One in eight individuals exposed to virus until September, seroprevalence survey showsA seroprevalence of 13 percent–Province 2 tops the list at 23 percent followed by Bagmati at 17 percent–is too high, public health experts say.
Around 13 percent of the country’s population has been found to have been infected with the coronavirus until September, according to a seroprevalence survey carried out by the Ministry of Health and Population.
The nationwide study, which was conducted with technical as well as financial support from the World Health Organisation, found the highest Covid-19 prevalence in Province 2, followed by Bagmati Province, Province 1, Lumbini Province, Gandaki Province, Sudurpaschim Province and Karnali Province, suggests the report, which is yet to be made public.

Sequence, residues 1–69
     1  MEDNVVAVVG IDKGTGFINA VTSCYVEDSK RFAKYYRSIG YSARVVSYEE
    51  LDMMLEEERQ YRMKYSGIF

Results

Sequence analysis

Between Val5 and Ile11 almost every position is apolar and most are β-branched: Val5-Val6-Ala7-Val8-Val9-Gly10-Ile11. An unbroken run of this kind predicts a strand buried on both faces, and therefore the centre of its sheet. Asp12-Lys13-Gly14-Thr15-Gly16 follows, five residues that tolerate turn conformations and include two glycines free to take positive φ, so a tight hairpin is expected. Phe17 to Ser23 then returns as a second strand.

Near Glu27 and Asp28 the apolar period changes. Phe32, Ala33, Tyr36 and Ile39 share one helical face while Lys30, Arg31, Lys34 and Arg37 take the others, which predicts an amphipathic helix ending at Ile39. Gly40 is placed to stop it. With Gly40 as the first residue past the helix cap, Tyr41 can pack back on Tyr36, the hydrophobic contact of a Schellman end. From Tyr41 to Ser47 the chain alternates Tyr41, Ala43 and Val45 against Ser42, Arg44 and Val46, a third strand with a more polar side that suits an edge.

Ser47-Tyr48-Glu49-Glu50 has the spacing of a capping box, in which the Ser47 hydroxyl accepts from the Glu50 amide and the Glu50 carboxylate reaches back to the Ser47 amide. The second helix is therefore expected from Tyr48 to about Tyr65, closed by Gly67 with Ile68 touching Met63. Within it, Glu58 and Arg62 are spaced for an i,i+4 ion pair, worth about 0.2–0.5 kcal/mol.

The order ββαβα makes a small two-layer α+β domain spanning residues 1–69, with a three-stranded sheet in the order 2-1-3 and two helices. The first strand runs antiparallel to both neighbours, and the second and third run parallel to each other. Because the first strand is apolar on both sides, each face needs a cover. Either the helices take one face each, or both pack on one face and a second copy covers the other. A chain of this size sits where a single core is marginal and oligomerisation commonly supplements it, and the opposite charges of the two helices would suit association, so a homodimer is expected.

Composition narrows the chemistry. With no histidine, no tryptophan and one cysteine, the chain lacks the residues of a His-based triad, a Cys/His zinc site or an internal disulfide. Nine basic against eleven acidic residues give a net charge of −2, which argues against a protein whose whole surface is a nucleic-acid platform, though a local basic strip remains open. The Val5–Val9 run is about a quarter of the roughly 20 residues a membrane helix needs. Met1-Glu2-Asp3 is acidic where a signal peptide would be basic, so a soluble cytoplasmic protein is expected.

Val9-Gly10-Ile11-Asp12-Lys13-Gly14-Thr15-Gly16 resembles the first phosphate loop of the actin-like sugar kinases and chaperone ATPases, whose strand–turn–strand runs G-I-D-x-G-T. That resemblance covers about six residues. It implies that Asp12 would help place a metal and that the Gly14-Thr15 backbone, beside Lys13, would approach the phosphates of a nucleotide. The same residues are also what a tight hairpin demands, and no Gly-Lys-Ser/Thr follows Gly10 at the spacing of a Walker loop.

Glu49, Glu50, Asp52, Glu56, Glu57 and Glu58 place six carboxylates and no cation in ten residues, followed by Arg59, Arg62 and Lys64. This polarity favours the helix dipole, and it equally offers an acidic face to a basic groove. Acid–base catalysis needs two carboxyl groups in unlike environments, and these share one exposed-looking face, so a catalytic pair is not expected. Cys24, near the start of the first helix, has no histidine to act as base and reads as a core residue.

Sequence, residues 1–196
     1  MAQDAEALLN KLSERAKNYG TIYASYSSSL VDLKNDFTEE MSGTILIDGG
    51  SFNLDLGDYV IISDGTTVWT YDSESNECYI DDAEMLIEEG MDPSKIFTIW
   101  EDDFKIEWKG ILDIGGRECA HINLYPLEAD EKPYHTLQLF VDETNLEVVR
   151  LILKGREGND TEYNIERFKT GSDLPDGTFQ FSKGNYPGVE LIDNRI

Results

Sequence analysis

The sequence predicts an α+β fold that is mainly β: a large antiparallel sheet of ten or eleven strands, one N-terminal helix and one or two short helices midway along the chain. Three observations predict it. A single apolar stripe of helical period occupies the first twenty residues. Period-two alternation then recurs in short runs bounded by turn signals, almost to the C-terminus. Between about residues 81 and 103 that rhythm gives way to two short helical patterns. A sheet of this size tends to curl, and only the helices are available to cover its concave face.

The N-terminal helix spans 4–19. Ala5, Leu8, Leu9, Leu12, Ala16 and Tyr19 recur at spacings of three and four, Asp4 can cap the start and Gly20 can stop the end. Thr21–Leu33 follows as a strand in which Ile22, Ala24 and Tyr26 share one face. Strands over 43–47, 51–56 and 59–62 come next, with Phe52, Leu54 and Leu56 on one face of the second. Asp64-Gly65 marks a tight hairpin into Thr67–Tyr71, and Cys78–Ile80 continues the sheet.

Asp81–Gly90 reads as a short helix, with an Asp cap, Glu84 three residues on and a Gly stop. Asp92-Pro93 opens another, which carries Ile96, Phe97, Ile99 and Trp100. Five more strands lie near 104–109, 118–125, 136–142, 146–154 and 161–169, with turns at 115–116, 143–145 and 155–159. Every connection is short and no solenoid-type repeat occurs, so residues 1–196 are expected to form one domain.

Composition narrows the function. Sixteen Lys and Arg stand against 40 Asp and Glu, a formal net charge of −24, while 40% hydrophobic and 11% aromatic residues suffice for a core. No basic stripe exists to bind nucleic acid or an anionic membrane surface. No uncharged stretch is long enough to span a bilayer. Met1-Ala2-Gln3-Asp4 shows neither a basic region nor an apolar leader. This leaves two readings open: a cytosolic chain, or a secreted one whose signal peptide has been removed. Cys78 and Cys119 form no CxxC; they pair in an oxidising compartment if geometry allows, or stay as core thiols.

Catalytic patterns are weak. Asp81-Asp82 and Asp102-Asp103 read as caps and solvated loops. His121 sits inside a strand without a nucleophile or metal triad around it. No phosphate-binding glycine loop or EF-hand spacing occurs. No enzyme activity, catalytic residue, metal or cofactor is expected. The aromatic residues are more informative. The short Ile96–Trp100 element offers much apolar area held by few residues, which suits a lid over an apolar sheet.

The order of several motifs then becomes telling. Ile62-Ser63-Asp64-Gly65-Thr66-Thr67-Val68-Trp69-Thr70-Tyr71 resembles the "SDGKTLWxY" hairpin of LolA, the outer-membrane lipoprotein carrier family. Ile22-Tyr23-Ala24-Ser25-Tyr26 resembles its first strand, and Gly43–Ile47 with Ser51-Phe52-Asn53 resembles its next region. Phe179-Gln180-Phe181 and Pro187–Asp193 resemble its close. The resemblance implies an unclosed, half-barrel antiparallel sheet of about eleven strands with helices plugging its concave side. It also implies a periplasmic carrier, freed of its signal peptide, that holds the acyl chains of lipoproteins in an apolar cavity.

A seroprevalence survey is a study carried out to determine the extent of infection in the general population. A serology test examines the presence of antibodies in the human body.
“We have already furnished the report to the Health Ministry,” Dr Basudev Pandey, director at the Epidemiology and Disease Control Division, told the Post. “The ministry is likely to make the findings public in a few days.”
Pandey refused to give further details, saying he was not authorised to speak about the report.
At least four officials who have seen the report said the survey has found the virus spread at an alarming rate as it shows close to 15 percent of the population to have contracted the coronavirus until September.
Mahendra Prasad Shrestha, chief specialist at the Health Ministry, said the report is with the ministry and that they are “still studying it”.
While Health Ministry officials said that the seroprevalence survey was conducted in over 3,100 samples—450 samples from each province, officials at the Epidemiology and Disease Control Division said over 6,000 samples were collected from 75 districts throughout the country. Samples were not collected from Rasuwa and Manang, according to the officials.